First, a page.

RaspberryPi Project

pi-model-plus

[ 01.11.2015 ] I’ve been experimenting with the latest generation of RaspberryPi Linux computers from the University of Cambridge. A RaspberryPi is a very small, very inexpensive 700MHz 32bit ARM ( ARM11 ) powered Linux computer with HDMI video that boots from a micro SD card and powers off of USB. I am intrigued by the fact that the 2×20 0.100″ header can directly power my Nano FPGAs and provides UART serial and also SPI serial ( up to 125 MHz ).  1st install was with NOOBs – which I am now abandoning for Raspian standalone. The NOOBs  bootloader always spits out boot trace information to the serial port which is a problem if I plug an FPGA into it. My current experiment is to boot Raspian from the uSD card and have it mount a Sandisk USB 3.0 flash drive ( from Amazon 16 GB for $11 ) that contains the full OS. I want to time how fast it is to boot from uSD by itself versus uSD and then USB. USB should be faster all around. Historically from my original Pi, I know that uSD cards get easily corrupted with power removal without proper shutdown. I hope to minimize this frequent problem via using low profile USB flash drives for the majority of the Linux Filesystem.

pi_to_ftdi

[ 12.30.2014 ] Fabbed out the Pi to FTDI Nano board.

This board provides Nano compatible x8 and x4 headers connected to GPIO pins of the Pi. The x4 has the SPI interface. It also has a FTDI compatible 1×6 for either connecting to a Nano FPGA or to a FTDI cable to a Host-PC. The FTDI connection to PC is great because from a PUTTY terminal, you can login to the Pi and interact with it completely headless.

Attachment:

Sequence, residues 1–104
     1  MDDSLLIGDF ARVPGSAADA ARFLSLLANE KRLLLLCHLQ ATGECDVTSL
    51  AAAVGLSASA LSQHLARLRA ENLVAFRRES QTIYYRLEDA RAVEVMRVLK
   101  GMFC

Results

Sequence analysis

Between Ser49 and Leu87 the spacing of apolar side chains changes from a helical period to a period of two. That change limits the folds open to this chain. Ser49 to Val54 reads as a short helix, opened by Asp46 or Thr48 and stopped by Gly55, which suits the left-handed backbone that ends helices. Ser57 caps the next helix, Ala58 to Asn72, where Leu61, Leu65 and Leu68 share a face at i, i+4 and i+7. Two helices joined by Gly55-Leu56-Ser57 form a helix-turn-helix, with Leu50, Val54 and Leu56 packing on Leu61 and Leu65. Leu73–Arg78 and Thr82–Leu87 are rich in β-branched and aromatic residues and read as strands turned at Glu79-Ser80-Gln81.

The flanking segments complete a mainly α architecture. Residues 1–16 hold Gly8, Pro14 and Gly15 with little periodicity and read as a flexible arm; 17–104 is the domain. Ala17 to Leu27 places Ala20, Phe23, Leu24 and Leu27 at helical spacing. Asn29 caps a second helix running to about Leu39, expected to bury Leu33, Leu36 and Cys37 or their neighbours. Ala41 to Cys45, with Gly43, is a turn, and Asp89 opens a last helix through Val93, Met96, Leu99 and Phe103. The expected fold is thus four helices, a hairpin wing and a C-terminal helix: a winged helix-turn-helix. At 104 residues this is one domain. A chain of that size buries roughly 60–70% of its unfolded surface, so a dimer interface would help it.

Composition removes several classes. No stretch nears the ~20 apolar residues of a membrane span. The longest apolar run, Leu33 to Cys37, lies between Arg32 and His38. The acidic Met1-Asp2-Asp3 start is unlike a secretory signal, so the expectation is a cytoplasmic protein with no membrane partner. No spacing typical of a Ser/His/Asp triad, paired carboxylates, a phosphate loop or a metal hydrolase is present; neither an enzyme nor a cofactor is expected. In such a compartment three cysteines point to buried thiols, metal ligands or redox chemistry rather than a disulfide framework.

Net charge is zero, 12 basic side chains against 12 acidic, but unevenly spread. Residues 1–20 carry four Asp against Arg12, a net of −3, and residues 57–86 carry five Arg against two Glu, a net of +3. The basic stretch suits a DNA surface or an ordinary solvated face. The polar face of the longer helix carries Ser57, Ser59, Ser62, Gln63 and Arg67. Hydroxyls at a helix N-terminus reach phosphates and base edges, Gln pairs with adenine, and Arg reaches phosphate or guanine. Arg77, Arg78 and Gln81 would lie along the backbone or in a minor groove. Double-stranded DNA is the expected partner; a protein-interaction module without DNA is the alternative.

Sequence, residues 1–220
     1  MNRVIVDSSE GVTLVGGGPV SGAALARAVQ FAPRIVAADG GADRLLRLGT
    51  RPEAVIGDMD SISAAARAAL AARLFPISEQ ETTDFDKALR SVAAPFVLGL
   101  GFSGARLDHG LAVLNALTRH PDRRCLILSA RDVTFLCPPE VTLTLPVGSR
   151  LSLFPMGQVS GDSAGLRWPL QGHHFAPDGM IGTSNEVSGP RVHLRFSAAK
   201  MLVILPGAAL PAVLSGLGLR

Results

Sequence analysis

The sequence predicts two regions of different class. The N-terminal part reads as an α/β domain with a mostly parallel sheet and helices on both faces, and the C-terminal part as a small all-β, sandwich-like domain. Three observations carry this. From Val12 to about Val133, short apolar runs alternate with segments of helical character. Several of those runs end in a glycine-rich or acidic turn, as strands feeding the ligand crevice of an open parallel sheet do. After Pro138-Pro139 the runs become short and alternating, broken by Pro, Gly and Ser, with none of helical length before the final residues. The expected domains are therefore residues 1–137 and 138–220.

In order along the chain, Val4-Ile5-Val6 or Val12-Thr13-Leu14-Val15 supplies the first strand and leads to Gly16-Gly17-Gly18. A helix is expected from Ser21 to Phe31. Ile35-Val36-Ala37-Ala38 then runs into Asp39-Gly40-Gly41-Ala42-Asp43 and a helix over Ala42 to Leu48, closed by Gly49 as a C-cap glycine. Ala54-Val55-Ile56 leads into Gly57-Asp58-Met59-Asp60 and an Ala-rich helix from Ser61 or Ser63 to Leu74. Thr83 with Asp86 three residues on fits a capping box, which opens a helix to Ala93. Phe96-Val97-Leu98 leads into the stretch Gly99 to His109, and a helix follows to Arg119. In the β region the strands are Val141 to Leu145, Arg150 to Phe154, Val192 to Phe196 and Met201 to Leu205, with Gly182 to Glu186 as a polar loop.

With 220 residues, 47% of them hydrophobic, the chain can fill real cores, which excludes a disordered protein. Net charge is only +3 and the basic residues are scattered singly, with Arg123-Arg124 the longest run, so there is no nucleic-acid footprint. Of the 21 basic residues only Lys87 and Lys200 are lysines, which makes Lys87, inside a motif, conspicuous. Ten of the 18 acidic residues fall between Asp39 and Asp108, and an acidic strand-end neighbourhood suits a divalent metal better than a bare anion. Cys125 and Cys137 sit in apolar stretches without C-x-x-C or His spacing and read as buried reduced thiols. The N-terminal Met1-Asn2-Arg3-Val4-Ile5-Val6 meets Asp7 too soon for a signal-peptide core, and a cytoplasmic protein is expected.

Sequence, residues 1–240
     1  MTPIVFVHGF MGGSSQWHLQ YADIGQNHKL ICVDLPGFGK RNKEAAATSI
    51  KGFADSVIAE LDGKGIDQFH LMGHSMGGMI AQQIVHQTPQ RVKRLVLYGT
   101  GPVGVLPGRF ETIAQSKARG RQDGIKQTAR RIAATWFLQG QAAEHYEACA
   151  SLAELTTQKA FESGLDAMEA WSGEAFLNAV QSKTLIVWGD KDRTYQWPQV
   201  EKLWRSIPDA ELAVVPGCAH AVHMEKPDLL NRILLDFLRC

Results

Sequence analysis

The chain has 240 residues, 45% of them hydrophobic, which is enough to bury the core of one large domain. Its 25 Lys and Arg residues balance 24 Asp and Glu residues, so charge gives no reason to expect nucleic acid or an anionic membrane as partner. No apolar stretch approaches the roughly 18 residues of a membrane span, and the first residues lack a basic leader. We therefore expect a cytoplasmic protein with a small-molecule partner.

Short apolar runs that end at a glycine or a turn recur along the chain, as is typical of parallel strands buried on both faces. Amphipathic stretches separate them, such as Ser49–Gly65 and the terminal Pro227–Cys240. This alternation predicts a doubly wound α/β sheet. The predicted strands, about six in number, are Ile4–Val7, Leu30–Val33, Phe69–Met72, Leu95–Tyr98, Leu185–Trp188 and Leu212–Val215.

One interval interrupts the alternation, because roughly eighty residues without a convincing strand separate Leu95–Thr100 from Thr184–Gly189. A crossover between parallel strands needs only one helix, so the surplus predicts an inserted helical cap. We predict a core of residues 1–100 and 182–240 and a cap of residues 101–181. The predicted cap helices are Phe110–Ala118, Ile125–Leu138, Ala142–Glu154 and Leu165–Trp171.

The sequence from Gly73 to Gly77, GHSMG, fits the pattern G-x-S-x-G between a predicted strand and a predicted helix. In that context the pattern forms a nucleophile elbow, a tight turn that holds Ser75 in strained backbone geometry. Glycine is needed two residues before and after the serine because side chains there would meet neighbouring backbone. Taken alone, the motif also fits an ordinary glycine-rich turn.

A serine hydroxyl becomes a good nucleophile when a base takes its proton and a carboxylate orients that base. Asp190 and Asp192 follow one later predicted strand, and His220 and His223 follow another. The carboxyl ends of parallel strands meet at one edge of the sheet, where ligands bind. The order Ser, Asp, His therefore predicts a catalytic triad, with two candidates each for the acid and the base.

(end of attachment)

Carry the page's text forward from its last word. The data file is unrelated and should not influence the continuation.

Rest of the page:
nano_pi

[ 01.02.2015 ] Fabbed out the NanoPi board.

While experimenting with Pi software configuration, I realized ( via Googling ) that it is possible to configure the Pi to login automatically and run a python script on power on completely headless. This would make for a fantastic embedded test fixture ( chips or boards ) as all the software can be written in the Python scripting language. Historically an embedded test fixture would require embedded C. I have experience in this and know that its x10 slower to develop embedded C versus scripted Python. The RaspberryPi has ethernet and mounts my NAS drive and has an SSH server, so actual development can be done on my real Linux workstation ( 3 GHz Core i7 running Fedora ) and once working, can be copied on to the micro SD for complete standalone operation.

Advertisements
RaspberryPi Project

Leave a Reply

Fill in your details below or click an icon to log in:

WordPress.com Logo

You are commenting using your WordPress.com account. Log Out / Change )

Twitter picture

You are commenting using your Twitter account. Log Out / Change )

Facebook photo

You are commenting using your Facebook account. Log Out / Change )

Google+ photo

You are commenting using your Google+ account. Log Out / Change )

Connecting to %s